PBH 502 Women's Health (A). Cross-listed as WMS 402. Provides a study of women as healthy functioning human beings. Includes lecture and discussion with guest speakers (when available) to present positive information and insights on the anatomical, physiological, mental, spiritual, and emotional aspects of contemporary women. 3 Cr.
PBH 519 Human Sexuality (A). Cross-listed as WMS 519. Provides each student with the opportunity to gain an awareness of him/herself and others as sexual beings. Examines sexual knowledge, attitudes and behaviors throughout the various life stages, in order to integrate human sexuality into one's total health and well-being. 3 Cr. Every Semester.
PBH 526 HIV/AIDS: Issues and Implications (A). Examines HIV/AIDS issues and implications facing the United States and the world today: understanding the disease, its perceived causes, pathways for transmissions and prevention strategies. Also examines educational strategies for schools and community agencies. 3 Cr.
PBH 550 Global Health (A). Provides an introduction to the nature of global health issues focusing on factors that determine health in the major geographical regions of the world. Covers topics of child and maternal health, nutrition, epidemiology of infectious diseases such as HIV/AIDS, tuberculosis, malaria. Includes discussions about international health agencies, NGOs, successful global health interventions and the Millennium Development Goals. 3 Cr.
PBH 571 Childhood and Adolescent Stress (A). Provides an overview of stress and its effects on children and adolescents in today's society; and the nature, symptoms and causes of stress in children and adolescents. Explores positive and negative ways children and adolescents manage stress; useful techniques for controlling and reducing stress in a healthful manner; and how parents, teachers and health professionals can help young people manage stress. 3 Cr.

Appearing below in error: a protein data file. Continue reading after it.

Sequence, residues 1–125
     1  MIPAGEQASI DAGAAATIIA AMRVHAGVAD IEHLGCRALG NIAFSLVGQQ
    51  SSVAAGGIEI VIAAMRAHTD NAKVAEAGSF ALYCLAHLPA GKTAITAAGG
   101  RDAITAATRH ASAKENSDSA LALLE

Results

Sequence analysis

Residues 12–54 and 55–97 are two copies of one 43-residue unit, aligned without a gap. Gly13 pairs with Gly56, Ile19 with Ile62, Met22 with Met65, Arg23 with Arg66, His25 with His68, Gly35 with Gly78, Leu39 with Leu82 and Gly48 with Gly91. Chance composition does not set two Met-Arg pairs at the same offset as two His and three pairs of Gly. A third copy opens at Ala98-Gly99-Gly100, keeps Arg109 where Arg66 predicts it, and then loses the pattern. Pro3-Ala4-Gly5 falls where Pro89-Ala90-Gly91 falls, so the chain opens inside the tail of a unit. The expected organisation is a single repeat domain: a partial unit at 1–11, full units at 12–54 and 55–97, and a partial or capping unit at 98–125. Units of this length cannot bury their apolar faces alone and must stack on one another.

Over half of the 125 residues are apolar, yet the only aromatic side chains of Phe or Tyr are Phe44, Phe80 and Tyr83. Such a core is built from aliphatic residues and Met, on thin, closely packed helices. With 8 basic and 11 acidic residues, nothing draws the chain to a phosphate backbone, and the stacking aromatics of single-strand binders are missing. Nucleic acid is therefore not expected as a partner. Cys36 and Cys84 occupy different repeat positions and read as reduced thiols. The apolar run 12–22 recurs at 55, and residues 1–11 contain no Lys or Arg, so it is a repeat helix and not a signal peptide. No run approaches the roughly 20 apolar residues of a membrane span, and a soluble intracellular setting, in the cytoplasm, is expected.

PBH 586 Field Experience (A). Provides a field experience in a school site requiring a minimum of two days per week for each six-week placement. Includes planning, teaching and evaluation of health education plus other complementary responsibilities at each school setting. 3 Cr. Fall.
PBH 600 Foundations in School Health Education (A). Serves as an introduction to the field of school health education: Emphasizes knowledge and skills of a health literate educator; Identifies priorities for school health education; Examines components of a coordinated school health education program; Explores ways to communicate and advocate for health and school health education; and, Enhances abilities to serve as a resource person in health education. 3 Cr. Spring.
PBH 601 Advanced Nutrition (A). Provides students with the tools for developing community nutrition interventions. Students will learn about utilizing behavioral theory, conducting needs assessments, writing program objectives, developing intervention strategies, evaluating program implementation and effectiveness, and planning a budget. Student will also examine nutrition-related policies and will explore strategies for effective advocacy. 3 Cr. Fall.
PBH 602 Principles and Philosophy of Health Education (A). Introduces students to the history, principles and philosophy of health education, including an examination of the epidemiological foundation for disease prevention and health promotion. Emphases are places on theories of health behavior and how to apply these theories for planning health education programs. In addition, ethical theories and codes of ethics are examined and students are challenged to apply these theories and codes to solving contemporary, professional and controversial health related issues in society. 3 Cr. Fall.